About this time every year, a few Lapland Longspur stop over at Cape Spear. Most often I have seen them in the higher grounds, but this year this arctic breeder was all alone in the lower quadrant of the grounds.
Typically when a brown bird of this size pops out of nowhere, the first thought is "Savannah Sparrow" as the park is often crawling with them. During September, another bird that comes to mind is an American Pipit, and there have been a lot of them at Cape Spear this year.
Happy to eliminate the sparrow and pipit, I was pleased to see this perfect little Lapland Longspur close-by. The temp yesterday was not warm, and I really didn't want to hike up the hill where the wind was even more raw.
The birds that just appear are really the nicest kind of "finds." The window of opportunity to see this species at the Cape is small. They predictably appear and a predictably disappear as they continue their journey south.
Focus, focus, focus brings surprise after surprise. Fall birding is like a white-knuckle drive: Every corner holds a surprise. What can be a nicer surprise than a stunning, male Black-throated Blue Warbler.
Following every sight and sound, Ethel Dempsey and I encountered all of these birds in just five hours of actual birding. How did that happen? Well, it takes concentration, eating on the run and taking care of nature when the opportunity arises.
Being quick on the trigger finger nailed this Yellow-billed Cuckoo. As we started our walk down Renews Beach, a large bird flushed out of the grass. It was brown on top and white, very white underneath. Without this blurred photo as it quickly departed, we wouldn't have been able to ID this bird.
It takes checking out every bird, even the distant, small bird sitting on a wire. It just might turn out to be a Lark Sparrow. Then, it is gone.
Then, there are the unexpected bonus birds. Walking through low brush in Renews unseated this beautiful Northern Wheatear. This was the best look I have ever had of this species both in flight and perched.
It flew into the top of a woodpile where it stayed for nearly five minutes. Awesome!
This was an example of going to an area to look for another previously spotted species and turning up something even better.
Mixed in with two flocks of warblers found along the way, two Palm Warblers appeared. These are both the yellowish race which most commonly appear in the East.
This one stayed around us for a long time, kind of like the Common Yellowthroat does.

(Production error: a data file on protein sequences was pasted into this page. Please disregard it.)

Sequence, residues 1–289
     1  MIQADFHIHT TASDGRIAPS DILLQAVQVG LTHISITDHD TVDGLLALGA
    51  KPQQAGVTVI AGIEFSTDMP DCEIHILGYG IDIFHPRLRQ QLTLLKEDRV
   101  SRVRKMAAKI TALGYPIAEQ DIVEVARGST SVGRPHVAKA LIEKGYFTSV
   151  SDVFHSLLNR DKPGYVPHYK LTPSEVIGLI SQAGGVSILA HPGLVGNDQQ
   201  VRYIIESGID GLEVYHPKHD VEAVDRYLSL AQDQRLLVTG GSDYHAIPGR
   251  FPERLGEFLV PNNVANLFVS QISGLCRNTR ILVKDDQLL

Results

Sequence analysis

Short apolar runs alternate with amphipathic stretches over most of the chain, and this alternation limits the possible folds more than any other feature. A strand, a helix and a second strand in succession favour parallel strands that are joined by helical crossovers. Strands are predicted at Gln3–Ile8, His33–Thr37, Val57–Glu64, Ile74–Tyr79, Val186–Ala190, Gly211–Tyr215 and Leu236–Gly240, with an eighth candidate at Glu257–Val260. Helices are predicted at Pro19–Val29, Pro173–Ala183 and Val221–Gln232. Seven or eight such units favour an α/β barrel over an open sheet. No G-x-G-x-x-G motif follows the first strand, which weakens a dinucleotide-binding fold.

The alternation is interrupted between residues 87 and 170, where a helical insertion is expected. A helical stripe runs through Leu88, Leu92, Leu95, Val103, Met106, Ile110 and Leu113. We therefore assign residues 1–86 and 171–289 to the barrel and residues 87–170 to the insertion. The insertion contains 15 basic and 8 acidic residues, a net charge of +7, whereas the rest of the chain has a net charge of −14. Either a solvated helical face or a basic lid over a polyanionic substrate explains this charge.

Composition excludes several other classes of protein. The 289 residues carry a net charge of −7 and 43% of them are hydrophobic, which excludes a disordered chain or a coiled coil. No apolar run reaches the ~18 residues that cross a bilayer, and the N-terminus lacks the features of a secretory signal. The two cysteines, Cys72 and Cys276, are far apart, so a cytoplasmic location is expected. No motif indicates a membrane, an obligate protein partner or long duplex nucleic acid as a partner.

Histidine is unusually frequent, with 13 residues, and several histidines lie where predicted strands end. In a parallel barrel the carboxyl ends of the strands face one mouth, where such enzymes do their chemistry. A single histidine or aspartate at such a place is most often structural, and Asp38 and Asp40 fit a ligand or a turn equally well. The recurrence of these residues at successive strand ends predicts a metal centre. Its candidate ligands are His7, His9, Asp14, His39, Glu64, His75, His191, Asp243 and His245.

Another quick shot of a bird that whizzed past us on the beach netted a Merlin. One can't let down their guard when birding at this time of the year. Intent on seeing every bird I can and documenting it with a photo drives me to stay on the go when in an area known to be teeming with good birds.
At most every stop, we encountered Red-eyed Vireo. They seem to be mixed in with every flock. It is one thing to find all of these birds, it is another to remain unobtrusive in their presence in order for them to stay around long enough to really view them and to photograph them. These are exciting times!
It has been a fantastic three days of birding. Rather than lamenting the three "life" birds I failed to see, I am rejoicing over the amazing birds I did see.
It really all started about a week ago, but picked up steam over the last three days. The first batch of nice vagrants I encountered was off Blackhead Road where I saw this beautiful Blackburnian Warbler in the open. At the same location, I got a glimpse and poor shot of a Northern Parula and a brief glimpse of a Black-throated Blue Warbler. The sighting of the Black-throated Blue yesterday really topped the first one by miles.
There is an on-going sense of disbelief when the great birds just keep popping out of the woods. By far this year, I am much quicker on identification, but I still rely on the experience in our birding community to confirm the rarest of birds before I post.
Why? Because migration season is so short and birders have a limited amount of time to bird. I certainly do not want to send anyone on a wild goose chase.
I have to confess finding all of these good birds is a combination of good luck, persistence and location. Looking for out-of-the way hotspots and monitoring them regularly seems to be the key.
This year, I have made a big effort to explore many roads not typically taken. The birds are here and not just in the same ole places. Habitat, time of day and persistence yields great rewards. I should add that most all of my pictures from the last two weeks are hazy. That is not a reflection on me: that is the incessant fog and overcast conditions we have had to bird in.
The Little Stint that appeared in Renews is very hard to identify, impossible in flight...I've been told. So here I am with a flight shot of a very likely candidate (first bird to left) but can't be sure. This photo was shot within minutes of the stint being photographed on the ground in Renews. Did I capture the bird? I will probably never know.
With a little help from my friend, my trusty camera, I can add another bird to the great list of birds seen on September 13 in Renews. I mentioned earlier, I suspected many good birds to be in the large flock Ethel Dempsey and I happened upon last Sunday on Bear Cove Point Road.
The large flock evaded us very quickly, but not before I managed to zero in on one different one among the flock. While none of these photos are good, they are enough for an identification - Philadelphia Vireo. It took me a couple of days to get around to looking at all of my shots from that day. For two days, I poured over my beach images looking for a shot of the Little Stint.